Young people are now trying to get their second Covid vaccine early so they can go on vacation without having to quarantine, GP says
- dr. Sam Everington Says Young People Are Trying To Get Their Second Shots Early
- For travel to countries with an amber list without quarantine on return, two doses are required
- Most people in their mid-twenties can’t get a second shot until the end of August
Young people try to get their second shot early so that they can go abroad on holiday, says a GP.
People traveling to amber-listed countries can return to the UK for ten days without going into quarantine, if they are fully vaccinated at least two weeks before their return.
Currently Britons have to wait eight weeks between doses – but millions of younger adults have still only had one shot.
Professor Sam Everington, chair of the NHS Tower Hamlets Clinical Commissioning Group, said ‘many people’ are trying to get their second dose sooner so they can go on holiday.
Some youths have taken to social media to share locations of pop-up clinics offering second shots as little as four weeks apart.
Scientists insist that the eight-week difference is the sweet spot for ensuring people have the most protection against the virus.
Professor Sam Everington, chair of the NHS Tower Hamlets Clinical Commissioning Group, says young people are desperate to get their second shots early so they can go on holiday abroad
Professor Everington admitted many GPs are still struggling to attract some young people in the area to get a shot.
He told BBC Radio 4’s Today programme: ‘We thought it was all about social media but they (young people) said they wanted a piece of paper stating when and where to get vaccinated.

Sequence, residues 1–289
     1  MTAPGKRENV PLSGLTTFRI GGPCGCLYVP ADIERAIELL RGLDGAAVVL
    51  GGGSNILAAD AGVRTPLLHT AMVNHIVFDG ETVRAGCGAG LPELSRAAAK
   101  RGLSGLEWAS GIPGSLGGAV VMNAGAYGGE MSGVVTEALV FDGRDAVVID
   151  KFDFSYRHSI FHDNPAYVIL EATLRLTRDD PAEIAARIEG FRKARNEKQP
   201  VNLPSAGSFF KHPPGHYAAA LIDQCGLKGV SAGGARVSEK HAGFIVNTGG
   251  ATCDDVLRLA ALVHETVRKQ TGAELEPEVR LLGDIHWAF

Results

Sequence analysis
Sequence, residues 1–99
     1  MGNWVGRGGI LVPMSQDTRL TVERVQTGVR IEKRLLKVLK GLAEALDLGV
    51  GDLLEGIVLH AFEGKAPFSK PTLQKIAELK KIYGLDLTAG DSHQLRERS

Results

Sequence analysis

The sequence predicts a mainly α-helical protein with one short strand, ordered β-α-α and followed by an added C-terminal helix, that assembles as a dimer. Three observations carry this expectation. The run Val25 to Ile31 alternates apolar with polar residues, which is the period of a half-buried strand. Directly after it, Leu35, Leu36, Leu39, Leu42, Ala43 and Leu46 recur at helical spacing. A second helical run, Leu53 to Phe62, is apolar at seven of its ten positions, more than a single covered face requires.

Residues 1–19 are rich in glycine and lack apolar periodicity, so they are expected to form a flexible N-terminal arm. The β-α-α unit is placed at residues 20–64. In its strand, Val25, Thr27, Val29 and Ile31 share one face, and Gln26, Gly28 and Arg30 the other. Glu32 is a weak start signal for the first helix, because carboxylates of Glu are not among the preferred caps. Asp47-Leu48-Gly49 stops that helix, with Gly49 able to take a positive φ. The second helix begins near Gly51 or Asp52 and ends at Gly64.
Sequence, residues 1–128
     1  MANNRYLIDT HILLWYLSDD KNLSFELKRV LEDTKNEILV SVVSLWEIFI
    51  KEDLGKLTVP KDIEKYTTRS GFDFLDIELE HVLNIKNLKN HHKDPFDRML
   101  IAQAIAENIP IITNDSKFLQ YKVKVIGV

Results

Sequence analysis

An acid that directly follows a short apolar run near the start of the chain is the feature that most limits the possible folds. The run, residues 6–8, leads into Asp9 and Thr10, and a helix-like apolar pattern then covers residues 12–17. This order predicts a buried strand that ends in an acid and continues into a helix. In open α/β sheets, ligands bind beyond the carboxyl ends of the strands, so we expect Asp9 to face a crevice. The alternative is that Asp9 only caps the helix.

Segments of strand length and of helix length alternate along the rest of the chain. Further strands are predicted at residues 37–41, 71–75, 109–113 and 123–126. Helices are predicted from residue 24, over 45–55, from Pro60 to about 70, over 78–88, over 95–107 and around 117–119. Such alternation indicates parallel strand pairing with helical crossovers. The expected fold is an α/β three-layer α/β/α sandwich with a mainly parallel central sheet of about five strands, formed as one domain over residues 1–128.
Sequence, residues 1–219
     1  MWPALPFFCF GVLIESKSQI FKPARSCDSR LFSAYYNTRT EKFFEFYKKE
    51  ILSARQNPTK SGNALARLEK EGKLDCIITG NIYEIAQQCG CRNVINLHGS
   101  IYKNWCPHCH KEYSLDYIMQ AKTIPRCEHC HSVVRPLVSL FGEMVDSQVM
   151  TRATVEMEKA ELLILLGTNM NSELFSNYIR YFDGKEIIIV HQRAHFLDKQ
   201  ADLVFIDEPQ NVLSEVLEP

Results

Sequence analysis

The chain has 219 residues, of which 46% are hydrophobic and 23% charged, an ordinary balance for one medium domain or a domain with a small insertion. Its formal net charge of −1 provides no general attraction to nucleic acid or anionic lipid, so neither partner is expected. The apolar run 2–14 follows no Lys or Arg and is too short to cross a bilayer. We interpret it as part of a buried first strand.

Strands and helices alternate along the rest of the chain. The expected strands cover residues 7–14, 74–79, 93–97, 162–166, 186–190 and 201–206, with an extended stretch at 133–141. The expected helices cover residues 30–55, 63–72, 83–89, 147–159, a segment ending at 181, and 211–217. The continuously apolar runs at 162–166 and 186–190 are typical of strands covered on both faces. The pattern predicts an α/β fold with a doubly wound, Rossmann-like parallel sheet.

‘And the passport is also the most important. That’s a great driver.
‘We have many people who want to get their second vaccination early, for example, so that they can go on holiday abroad.
When should I get my second dose?
The government’s top scientists say anyone under 40 should wait at least eight weeks before getting their second dose and no more than 12.
It comes after people over 40 shortened their second dose gap in light of the Indian variant last month.
Professor Anthony Harnden, who helped prepare the priority list for jabs, said he would not recommend getting the second dose of the AstraZeneca vaccine earlier than eight weeks after the first.
But he added that the second dose of the Pfizer shot can be given from three to 12 weeks after the first dose.
Numerous studies have suggested that both the Pfizer and AstraZeneca shots are more effective after a longer period between doses.
Second doses can be booked online with the NHS or received at walk-in clinics.
“There’s no clear evidence, but what we’re seeing is that when we do pop-ups, when we go to people instead of people coming to us [more people get a jab].
‘[Previously] we found we had a lot of appointments that just weren’t used.
“So you either have to ramp up the demand – and the passport scenario will do that – or you’ll go to people.
‘You go where they are and you try to do innovative ways’ [to] stimulate.
‘[Having a pop up clinic at West Ham’s football stadium] was very powerful because for the people of East London this is their football club.’
The Joint Vaccination and Immunization Committee (JCVI) – which advises the government on vaccine policy – reduced the waiting time between shots from 12 to eight weeks in May to ensure more people received full protection as the Delta variant took over the country. .
But most people in their mid-20s and younger weren’t invited to their first vaccine until mid-June, meaning they won’t get a second dose until late August.
Ministers have asked the JCVI for advice to shorten the waiting time from eight to four weeks, but the move has been shot down by experts.
It comes after experts warned young people not to rush ahead to get their second shots.
A study by scientists at the nation’s top universities found that having at least six weeks between doses of Pfizer’s vaccine boosts immunity, with eight weeks being the sweet spot.
The study of 500 NHS staff found that waiting ten weeks instead of three weeks causes the body to produce more than twice as many antibodies to fight India’s ‘Delta’ Covid variant.
Meanwhile, Dominic Raab said today it’s a “smart policy” for companies to insist that employees be double-punched before they can return to their offices.
The foreign minister said he “understands” why companies would want to take such a stance.
However, he insisted that he does not support the ‘stick approach’ of staff being told to return to the city and city centers because some people have ‘understandable concerns’.